Wednesday, April 12, 2017

Nike's Magazine

(To mark twin 50th anniversaries in 2017, as a fulltime running journalist and as a marathoner, I am posting a piece for each of those years. This one comes from 1980.)

EVER FEEL that you’ve made a big mistake by changing jobs? And that it’s too late to turn back?

That’s how I felt while visiting the Running magazine office for the first time. There, during the Olympic Trials-to-nowhere, I met the full staff and felt little part of it.

By now I felt as if Nike and Running hadn’t hired me to write but only not to write for its competitor. My writing had gone nowhere since I finished my latest book, The Running Revolution, which itself was going nowhere. My style of writing – sometimes instructional, often personal, always conversational, and built from simple words and short sentences – wasn’t the magazine’s.

The editor, Paul Perry, envisioned this as a literary magazine about running. I can’t fault him for that. It would be a noble effort and an artistic success.

Each issue would include at least one major article by a writer from outside the sport: Hunter S. Thompson’s manic take on the Honolulu Marathon, Ken Kesey’s whimsical view of newly opened China. At best these writers offered a fresh take on the sport, But not all of them succeeded. At worst they lacked insight into running and passion for it.

At the least, Running needed a balance of articles and columns by runner-writers that the magazine lacked at first. My pieces hid in small, dark corners of each early issue. That was just as well, because I wasn’t proud of what little appeared under my name.

The managing editor had come west from Sports Illustrated and tried to bring SI’s ways with her – while seeming to look down on everything that wasn’t New York publishing. She clearly didn’t like my style or content.

Editor Perry required her to accept my byline, but she used my original copy as little more than an outline to produce a revised (and shorter) piece, which read fine but wasn’t mine. Without anyone ever saying so to me, her heavy edits signaled that my writings weren’t good enough for this magazine.

On this first visit to the small suite of offices on the Willamette riverbank, quick greetings were exchanged. Then the staffers went back to work.

I had nowhere to sit and nothing to do. No one wanted or needed my advice. No one asked me to stay when I started to leave.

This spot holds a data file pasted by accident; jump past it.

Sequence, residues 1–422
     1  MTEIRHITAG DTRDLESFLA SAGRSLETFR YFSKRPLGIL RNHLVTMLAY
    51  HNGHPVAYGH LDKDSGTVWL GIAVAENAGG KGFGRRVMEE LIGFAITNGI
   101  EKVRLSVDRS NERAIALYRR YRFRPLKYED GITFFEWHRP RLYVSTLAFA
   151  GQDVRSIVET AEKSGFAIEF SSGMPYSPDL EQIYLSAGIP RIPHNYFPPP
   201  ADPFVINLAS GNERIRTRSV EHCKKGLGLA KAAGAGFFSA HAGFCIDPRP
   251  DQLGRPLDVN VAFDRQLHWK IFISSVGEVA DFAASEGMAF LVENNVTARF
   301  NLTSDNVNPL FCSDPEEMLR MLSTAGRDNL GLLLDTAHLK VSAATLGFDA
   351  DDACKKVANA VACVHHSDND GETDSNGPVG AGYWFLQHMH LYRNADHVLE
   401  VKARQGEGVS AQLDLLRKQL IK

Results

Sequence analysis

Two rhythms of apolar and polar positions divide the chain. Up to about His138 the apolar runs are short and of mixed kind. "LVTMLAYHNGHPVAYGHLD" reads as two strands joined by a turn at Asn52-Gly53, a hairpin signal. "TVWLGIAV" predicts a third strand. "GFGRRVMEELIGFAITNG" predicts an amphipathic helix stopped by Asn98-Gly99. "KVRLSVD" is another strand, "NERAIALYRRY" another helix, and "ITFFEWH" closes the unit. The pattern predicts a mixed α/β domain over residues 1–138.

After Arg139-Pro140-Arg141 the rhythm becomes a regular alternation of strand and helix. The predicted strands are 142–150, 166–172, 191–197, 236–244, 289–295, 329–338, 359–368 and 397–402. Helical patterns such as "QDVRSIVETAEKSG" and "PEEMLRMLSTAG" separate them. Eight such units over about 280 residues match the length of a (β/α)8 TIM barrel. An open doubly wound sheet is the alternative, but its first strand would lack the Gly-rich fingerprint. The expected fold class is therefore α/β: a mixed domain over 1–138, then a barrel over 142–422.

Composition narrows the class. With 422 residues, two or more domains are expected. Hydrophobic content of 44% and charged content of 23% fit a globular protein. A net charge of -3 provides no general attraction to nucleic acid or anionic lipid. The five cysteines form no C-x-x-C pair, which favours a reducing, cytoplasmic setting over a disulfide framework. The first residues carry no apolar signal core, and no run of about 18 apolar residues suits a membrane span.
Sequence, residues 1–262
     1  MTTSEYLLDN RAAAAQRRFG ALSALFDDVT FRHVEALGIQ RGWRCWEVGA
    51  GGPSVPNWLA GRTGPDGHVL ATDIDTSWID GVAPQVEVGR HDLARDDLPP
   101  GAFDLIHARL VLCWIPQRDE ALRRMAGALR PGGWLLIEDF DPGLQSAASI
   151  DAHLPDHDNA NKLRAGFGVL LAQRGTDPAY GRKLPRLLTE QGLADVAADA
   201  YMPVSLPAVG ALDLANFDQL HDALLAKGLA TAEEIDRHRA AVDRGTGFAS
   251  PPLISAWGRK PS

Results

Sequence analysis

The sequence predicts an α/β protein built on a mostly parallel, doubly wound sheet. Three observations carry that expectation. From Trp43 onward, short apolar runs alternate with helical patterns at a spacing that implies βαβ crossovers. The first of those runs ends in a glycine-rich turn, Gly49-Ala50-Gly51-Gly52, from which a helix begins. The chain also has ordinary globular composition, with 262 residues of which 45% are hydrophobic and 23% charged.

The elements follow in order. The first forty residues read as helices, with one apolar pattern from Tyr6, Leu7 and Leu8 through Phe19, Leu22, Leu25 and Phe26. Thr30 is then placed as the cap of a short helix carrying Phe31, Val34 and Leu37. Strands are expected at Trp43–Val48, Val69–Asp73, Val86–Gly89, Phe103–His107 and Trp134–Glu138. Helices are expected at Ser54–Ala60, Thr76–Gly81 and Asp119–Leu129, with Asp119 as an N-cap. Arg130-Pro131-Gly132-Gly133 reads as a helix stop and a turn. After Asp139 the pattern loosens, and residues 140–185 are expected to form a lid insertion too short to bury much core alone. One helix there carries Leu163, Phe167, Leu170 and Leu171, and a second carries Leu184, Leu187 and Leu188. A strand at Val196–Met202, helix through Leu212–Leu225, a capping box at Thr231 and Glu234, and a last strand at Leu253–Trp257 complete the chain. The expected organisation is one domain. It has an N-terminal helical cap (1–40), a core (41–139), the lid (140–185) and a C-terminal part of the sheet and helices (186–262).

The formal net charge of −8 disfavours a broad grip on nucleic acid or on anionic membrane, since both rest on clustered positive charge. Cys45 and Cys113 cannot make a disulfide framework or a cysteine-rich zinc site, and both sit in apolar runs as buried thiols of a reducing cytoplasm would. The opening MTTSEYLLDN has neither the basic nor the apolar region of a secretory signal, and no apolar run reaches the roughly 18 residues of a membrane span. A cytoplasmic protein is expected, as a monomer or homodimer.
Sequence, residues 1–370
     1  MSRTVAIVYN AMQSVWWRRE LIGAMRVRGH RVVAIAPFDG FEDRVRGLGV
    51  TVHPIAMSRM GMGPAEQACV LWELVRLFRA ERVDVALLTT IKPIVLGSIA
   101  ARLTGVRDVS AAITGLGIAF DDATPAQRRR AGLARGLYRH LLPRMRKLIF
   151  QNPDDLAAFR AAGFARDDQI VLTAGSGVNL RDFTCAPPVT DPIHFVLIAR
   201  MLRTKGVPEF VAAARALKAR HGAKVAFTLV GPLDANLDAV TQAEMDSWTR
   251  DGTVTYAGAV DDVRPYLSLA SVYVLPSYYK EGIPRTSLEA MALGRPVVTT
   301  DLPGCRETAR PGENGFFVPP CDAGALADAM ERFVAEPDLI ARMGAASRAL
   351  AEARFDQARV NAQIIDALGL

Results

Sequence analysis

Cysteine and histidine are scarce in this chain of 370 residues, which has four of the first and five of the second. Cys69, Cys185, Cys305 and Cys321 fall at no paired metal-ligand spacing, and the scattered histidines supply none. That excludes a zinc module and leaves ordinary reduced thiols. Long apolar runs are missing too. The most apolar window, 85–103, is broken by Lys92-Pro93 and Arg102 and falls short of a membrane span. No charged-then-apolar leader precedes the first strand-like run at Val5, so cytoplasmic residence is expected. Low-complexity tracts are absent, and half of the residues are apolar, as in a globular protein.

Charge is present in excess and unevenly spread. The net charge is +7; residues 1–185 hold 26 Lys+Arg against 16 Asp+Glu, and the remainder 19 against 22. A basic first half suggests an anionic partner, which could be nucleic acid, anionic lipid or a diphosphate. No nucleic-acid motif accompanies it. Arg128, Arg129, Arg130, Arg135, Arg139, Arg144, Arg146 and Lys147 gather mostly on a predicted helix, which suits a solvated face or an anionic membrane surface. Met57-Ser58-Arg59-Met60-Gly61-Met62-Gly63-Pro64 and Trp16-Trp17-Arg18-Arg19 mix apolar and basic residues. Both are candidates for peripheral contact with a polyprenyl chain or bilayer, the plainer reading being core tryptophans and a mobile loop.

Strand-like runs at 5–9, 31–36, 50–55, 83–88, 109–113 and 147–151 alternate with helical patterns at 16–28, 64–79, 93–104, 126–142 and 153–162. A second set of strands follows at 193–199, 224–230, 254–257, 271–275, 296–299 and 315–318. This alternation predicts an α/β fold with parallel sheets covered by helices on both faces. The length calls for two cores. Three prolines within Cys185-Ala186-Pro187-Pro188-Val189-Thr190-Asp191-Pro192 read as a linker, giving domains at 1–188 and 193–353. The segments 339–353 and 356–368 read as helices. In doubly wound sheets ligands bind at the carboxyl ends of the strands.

I retreated next door to write more of what the magazine couldn’t use. Sitting on the deck at the North Bank cafe, I alternately scribbled on a diary page and sipped iced tea while watching Olympic Trials athletes and commoners run past on the bike path.

This was the writing that I did most and liked best. No one saw most of it, but it was as much worth doing as when tens of thousands read it.

I realized while sitting in the summer sun, looking out on the river, on a weekday, that my (non)job at Running magazine came with good (non)working conditions. I would accept them for now.

If I made a mistake in signing on with Running, Nike made one too by agreeing to pay me for doing next to nothing. I decided to ride this gravy train a few stops longer before climbing off to find a real job.

WHY I WASN’T summarily fired for disloyalty, I’ll never know. By mid-1980, I’d accepted several Nike paychecks.

I sported the Swoosh most of each day but still wasn’t wearing Nike’s signature product, its running shoes, on my runs. My brand of choice was Brooks, the worst choice politically because this was then Nike’s most bitter enemy in the business.

Understand here that I wasn’t flaunting my footwear. Nearly all runs were by myself, often under cover of darkness.

Then I went to the Olympic Trials in Eugene and had nowhere to hide. Running on Pre’s Trail one morning, I came upon a Nike exec. We stopped for a howdy.

His gaze went straight to my shoes. His silence and eye-rolling said more than words of censure could have.

Soon I was running in Nikes, and company loyalty came at a price. A foot started hurting almost immediately, and would keep hurting until I left that company’s employ – and switched to another brand. For almost two decades I ran in Converse, Asics and New Balance, but never Nike.

I was slow to adopt Nike shoes for the simple reason that they didn’t work well enough for me. This reflected the weirdness of my feet and not the quality of the company’s shoes.

My loyalties are two: to my right foot and my left. I wear whatever works, regardless of brand name. For the longest time, to my regret, this wasn’t Nike.

Then I was reintroduced to one of its early failures for me: the Pegasus. It had passed through many updates since I worked for that company, and 20 years later the Pegasus passed my road test, which is: Does the shoe treat me so kindly that I’m hardly aware I’m wearing it?

If the shoes “speak” to a runner, it’s usually because they’re causing problems. These Nikes ran so “silently,” as did some later models, that the loyalties to my feet finally matched those to the company nearest to home.

Photo: Shirts on sale at the Trials to Nowhere, which took me to Eugene in summer 1980.

[Many books of mine, old and recent, are now available in two different formats: in print and as ebooks from Latest released was Miles to Go. Other titles: Going Far, Home Runs, Joe’s Journal, Joe’s Team, Learning to Walk, Long Run Solution, Long Slow Distance, Pacesetters, Run Right Now, Run Right Now Training Log, See How We Run, and Starting Lines, plus Rich Englehart’s book about me, Slow Joe.]

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